Traditional domain names are limited to a combination of English letters and decimal numbers. The only symbol character domain names can include is a hyphen (-) though the domain name cannot start or end with a hyphen nor have consecutive hyphens.
Handshake names can be quite literally anything, from English letters and decimal numbers to Chinese characters and even emojis!
A top-level domain (TLD) today requires a $185,000 application fee to ICANN, which may or may not get approved, on top of an auction fee which can cost millions.
Anyone can bid on a Handshake TLD without a fee and win it through the decentralized auction process — the market and the auction demand determines the price of any given TLD, not Namebase or Handshake.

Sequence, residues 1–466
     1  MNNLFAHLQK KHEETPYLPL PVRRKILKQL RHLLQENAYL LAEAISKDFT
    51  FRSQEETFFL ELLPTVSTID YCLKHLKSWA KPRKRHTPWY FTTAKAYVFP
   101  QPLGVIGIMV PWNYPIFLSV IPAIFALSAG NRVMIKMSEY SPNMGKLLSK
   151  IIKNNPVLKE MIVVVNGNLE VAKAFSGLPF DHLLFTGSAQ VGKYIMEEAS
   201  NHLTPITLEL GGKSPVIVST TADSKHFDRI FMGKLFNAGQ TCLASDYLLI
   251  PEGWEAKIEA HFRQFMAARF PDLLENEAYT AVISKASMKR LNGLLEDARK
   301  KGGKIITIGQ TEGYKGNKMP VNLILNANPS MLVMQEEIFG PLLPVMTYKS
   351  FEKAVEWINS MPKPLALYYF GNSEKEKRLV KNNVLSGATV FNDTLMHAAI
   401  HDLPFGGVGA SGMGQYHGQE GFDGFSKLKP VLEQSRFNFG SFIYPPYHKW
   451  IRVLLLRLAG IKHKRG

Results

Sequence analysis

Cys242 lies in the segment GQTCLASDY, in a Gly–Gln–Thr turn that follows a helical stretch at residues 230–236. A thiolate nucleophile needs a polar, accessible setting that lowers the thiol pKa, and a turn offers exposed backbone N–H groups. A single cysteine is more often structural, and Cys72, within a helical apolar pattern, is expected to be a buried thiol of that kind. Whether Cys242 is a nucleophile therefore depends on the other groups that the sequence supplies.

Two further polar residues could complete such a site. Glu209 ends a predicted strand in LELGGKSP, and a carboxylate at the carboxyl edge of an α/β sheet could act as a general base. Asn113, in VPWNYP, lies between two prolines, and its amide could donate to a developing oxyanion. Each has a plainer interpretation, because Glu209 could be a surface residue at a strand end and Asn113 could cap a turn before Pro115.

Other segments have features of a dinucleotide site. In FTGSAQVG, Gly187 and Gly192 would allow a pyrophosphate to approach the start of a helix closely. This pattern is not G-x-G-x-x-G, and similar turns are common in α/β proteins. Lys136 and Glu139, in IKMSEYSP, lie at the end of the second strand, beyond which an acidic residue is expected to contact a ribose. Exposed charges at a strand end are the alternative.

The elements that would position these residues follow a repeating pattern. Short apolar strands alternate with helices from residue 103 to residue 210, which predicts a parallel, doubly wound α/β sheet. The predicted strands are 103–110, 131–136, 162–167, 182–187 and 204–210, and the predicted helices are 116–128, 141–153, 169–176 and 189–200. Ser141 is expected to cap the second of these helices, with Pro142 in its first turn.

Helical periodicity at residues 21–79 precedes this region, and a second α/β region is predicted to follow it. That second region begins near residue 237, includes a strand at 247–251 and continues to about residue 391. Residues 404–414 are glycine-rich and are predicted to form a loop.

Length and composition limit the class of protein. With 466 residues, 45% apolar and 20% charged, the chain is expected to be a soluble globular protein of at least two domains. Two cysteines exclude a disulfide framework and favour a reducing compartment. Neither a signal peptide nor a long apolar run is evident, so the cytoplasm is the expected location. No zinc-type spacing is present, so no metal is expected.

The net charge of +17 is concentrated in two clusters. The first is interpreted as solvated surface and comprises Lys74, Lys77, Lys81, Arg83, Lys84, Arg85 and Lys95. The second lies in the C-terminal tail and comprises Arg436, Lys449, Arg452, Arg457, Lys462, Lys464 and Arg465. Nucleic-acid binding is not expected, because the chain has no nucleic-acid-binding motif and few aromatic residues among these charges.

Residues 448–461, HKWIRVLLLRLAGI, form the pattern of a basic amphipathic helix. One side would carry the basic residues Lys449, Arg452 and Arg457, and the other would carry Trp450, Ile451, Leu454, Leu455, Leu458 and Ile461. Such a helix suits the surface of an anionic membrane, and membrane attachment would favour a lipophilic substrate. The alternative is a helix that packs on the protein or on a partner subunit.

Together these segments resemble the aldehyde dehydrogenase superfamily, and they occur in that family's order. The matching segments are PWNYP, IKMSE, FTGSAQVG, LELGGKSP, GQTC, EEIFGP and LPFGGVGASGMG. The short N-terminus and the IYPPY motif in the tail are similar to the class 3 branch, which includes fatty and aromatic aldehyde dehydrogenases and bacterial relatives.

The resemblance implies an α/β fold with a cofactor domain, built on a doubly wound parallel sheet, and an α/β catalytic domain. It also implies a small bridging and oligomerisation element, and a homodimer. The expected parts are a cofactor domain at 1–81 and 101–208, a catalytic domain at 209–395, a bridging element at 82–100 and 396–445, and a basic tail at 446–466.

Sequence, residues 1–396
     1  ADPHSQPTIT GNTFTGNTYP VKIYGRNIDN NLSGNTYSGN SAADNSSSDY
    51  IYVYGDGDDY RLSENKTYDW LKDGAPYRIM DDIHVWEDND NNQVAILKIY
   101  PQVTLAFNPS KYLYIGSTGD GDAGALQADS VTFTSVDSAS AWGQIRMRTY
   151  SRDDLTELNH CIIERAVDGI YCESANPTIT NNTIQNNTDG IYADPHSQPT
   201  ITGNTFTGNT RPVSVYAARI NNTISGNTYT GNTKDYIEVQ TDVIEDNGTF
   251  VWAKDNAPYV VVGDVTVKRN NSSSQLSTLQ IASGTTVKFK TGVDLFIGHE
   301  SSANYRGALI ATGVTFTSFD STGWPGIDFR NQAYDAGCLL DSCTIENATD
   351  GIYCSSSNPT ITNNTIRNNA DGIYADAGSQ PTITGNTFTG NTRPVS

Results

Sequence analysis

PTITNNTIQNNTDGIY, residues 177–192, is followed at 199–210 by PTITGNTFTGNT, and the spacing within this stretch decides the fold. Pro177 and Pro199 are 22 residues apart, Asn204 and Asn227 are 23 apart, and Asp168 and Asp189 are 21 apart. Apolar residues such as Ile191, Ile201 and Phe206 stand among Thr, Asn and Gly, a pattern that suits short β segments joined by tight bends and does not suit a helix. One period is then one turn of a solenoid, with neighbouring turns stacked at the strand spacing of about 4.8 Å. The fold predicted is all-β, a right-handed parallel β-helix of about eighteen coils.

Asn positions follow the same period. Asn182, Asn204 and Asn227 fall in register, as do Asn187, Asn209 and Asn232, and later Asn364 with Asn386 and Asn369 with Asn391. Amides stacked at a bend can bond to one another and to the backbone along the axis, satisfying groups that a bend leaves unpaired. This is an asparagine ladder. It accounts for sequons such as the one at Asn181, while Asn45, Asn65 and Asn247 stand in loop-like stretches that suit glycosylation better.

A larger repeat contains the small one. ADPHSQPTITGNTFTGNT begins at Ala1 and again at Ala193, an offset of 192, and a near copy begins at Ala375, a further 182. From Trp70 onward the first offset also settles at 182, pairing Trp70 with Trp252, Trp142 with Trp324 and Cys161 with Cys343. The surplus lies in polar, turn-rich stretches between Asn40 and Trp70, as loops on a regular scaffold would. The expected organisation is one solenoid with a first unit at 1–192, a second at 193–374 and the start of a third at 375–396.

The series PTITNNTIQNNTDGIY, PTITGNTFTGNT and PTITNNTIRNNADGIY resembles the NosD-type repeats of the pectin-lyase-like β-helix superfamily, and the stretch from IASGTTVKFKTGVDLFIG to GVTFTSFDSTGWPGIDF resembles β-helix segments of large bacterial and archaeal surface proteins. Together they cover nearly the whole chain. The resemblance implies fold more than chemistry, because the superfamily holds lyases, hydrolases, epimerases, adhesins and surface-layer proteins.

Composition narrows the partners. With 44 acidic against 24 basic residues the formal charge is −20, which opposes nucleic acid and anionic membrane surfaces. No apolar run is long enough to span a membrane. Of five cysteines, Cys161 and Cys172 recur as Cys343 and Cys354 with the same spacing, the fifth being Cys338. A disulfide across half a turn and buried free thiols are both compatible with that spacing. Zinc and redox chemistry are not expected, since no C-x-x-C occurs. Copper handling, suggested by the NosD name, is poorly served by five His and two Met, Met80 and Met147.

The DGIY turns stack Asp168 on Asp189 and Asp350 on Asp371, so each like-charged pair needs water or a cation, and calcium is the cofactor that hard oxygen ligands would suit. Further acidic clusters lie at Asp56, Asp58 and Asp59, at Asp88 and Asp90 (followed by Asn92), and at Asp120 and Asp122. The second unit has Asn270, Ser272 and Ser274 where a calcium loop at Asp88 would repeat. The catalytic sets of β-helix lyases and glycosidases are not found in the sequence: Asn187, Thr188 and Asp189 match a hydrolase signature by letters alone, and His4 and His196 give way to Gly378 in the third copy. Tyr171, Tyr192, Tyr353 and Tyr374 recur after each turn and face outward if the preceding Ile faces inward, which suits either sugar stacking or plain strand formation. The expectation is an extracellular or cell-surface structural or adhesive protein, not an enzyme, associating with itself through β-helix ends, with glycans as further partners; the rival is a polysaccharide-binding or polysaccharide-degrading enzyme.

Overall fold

All of the ~1,500 TLDs that already exist in the ICANN root zone (e.g. .com, .org, .io) are reserved and cryptographically claimable by the owners of those names for backwards-compatibility. This means that end-users resolving their DNS through Handshake can still access .com domains as normal. New ICANN TLDs can theoretically conflict with Handshake TLDs, but ICANN isn't issuing new TLDs for another few years. When ICANN does issue new TLDs, they’ll only allow at most 500 new TLDs per year.
Additionally, the top 100,000 most visited websites as determined by Alexa are also reserved for their owners (e.g. owner of Bitcoin.com gets the name “bitcoin” on Handshake, and Google gets “google”) — see the full list of already claimed names here.